- Port 80 should be unblocked and not forwarded to 443, for example, as CA will try to validate your host via port 80, and in case it gets blocked, you will not get the certificate. An error will be generated, and you can find it under the Error log, or you will see a failed attempt to create the certificate in Remote Admin Console under System > Certificates
- The certificate is released for 90 days, and two weeks before expiration will auto-renewed. Again, make sure port 80 is not blocked and allowed on firewall/iptables
- You can generate an unlimited number of certificates
- Let’s Encrypt does not support wildcards in IceWarp
- Let’s Encrypt should be generated for the primary domain + AutoDiscover (SmartDiscover) as iPhones always require a valid certificate for a domain, but as it is done through AutoDiscover, you need a certificate for this domain as well. Example: your domain is icewarpdemo.com – you generate Let’s Encrypt for domain icewarpdemo.com and also for autodiscover.icewarpdemo.com
- Free Self-Signed Certificate - Use a self-signed certificate - Please note that Self-signed SSL Certificates are risky because they have no validation from a third-party authority, which is usually a Trusted SSL Certificate Company. Developers and businesses try to save money by using or creating a free Self-Signed SSL Certificate, but there are several threats and possible consequences of Self-Signed SSL certificates which you should know about.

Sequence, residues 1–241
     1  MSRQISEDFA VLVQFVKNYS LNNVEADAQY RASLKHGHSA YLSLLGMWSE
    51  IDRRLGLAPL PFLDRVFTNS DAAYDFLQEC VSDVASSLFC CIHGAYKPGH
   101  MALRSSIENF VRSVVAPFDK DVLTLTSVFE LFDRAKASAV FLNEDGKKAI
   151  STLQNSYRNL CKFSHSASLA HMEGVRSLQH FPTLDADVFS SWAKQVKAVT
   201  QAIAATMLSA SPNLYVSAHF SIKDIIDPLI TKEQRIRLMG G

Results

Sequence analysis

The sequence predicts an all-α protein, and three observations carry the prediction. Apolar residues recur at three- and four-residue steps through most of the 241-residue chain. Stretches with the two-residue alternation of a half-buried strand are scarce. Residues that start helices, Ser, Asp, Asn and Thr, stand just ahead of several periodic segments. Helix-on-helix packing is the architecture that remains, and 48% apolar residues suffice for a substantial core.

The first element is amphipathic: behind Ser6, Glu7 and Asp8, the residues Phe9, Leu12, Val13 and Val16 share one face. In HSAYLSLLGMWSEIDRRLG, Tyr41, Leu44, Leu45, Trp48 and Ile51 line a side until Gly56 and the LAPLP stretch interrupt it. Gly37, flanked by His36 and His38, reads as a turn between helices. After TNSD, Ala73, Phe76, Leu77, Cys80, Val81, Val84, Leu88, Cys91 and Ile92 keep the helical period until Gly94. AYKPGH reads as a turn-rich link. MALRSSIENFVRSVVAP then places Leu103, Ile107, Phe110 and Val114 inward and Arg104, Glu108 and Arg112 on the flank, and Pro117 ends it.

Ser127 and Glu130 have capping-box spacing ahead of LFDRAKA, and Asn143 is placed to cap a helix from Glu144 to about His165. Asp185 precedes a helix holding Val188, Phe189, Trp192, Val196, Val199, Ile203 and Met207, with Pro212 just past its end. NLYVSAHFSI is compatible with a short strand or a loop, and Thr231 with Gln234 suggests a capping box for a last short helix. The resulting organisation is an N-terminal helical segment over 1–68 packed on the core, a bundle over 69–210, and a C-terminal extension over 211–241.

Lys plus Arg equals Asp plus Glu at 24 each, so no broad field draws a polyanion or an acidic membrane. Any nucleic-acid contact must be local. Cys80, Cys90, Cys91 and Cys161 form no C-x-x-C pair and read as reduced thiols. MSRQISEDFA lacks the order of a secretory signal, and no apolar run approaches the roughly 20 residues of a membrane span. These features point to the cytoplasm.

EMAIL CERTIFICATES (S/MIME)
This is a standard for public key encryption and signing of MIME data. S/MIME provides data security, non-repudiation of origin and privacy cryptographic security services for electronic messaging.
The best way to obtain and install a S/MIME certificate in IceWarp WebClient is to use Public CAs, for example, Actalis.
What you need:
- Get a free S/MIME certificate from CA by registering an account and putting in the form your email
- You will get a link in your email to download the certificate